There aren’t many places left like Jimbo’s. There aren’t many places left called Places. Jimbo’s is a refuge from a city of chefs trying to make the hamburger something it’s not. It has a list of twenty-three burgers, but the most exotic topping is blue cheese. (It also has the one with the fried egg on top. There’s a reason it’s called Texas Burger.)

Jimbo’s has indeed been cultivating burger mist since the fifties, at least as Jimbo’s, whether or not Jimbo was actually named Jimbo. He is said to have been a man who came from Arkansas, which is plausible; Arkansas is a cattle-raising state.

Jimbo is believed to have sold the restaurant to a man named Gus, who was Greek, which is also plausible, since there’s no reason to make it up. In the late seventies it was taken over by Mahmoud Mostafa, who is Egyptian, which, too, is plausible, since he is still the owner.

Jimbo’s Hamburger Place New York City Interior Andy Warhol Table
That's Andy's and my table. And Abe at the counter.
Mahmoud, who answers to “Jim,” runs the place with his son Abe. He renovates it every decade or so, so it has the look of no particular era. He says he’s closing down in about two weeks for this decade’s renovation. It won’t be massive, he told me. Just the same, I’d get over there now.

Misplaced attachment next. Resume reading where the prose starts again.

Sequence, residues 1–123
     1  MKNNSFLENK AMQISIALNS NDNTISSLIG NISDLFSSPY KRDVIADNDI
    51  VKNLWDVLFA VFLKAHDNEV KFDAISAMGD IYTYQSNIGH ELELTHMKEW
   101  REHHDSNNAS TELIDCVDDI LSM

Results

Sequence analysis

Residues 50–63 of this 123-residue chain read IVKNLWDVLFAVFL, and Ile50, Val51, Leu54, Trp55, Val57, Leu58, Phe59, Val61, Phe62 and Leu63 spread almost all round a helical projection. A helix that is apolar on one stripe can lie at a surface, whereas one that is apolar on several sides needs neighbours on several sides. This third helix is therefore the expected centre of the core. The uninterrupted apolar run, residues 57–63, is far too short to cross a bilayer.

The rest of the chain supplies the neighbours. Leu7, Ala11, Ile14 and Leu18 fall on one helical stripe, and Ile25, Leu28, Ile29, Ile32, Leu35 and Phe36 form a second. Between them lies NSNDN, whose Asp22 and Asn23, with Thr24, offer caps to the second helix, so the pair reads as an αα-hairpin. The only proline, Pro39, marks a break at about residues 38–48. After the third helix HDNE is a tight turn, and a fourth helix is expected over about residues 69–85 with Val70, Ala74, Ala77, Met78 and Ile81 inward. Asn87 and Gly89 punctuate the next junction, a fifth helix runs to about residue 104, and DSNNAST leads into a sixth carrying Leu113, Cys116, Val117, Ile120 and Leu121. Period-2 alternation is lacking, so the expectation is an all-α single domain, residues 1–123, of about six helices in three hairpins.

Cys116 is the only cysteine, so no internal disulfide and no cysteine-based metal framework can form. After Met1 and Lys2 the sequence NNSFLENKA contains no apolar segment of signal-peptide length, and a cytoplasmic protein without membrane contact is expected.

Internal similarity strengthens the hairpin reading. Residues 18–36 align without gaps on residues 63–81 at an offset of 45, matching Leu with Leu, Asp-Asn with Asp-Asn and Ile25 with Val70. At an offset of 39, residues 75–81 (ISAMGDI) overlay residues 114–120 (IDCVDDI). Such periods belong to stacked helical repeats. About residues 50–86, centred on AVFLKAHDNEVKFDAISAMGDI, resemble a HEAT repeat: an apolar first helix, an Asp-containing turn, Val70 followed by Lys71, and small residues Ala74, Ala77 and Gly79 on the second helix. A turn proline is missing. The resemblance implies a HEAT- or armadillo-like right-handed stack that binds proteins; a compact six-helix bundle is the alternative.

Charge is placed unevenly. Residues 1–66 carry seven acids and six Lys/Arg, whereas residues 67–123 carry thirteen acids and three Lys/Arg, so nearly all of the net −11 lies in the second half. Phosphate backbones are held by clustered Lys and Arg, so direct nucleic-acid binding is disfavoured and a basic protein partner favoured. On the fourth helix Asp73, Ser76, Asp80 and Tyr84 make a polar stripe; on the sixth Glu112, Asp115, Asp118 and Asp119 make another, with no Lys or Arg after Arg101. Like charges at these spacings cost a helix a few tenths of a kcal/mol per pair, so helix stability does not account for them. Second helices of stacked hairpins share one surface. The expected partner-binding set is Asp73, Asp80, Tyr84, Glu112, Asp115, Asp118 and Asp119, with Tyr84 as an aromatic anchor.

When I was over there, I got the table by the window, which was lucky because it was Andy Warhol’s table, and because there are only three tables. Abe told me that Andy used to sit there on Saturday mornings. Michael Jackson never sat there, he added. He preferred to order in.

I ordered the Beef Burger Deluxe. I received a trapezoidal mound of perfectly cooked chopmeat that was hot, steamy, and juicy. The tomato was white; I didn’t care. The Coke was canned; I didn’t care. The burger was delicious and the fries were delicious, and every diner in New York City ought to just give up on tomatoes.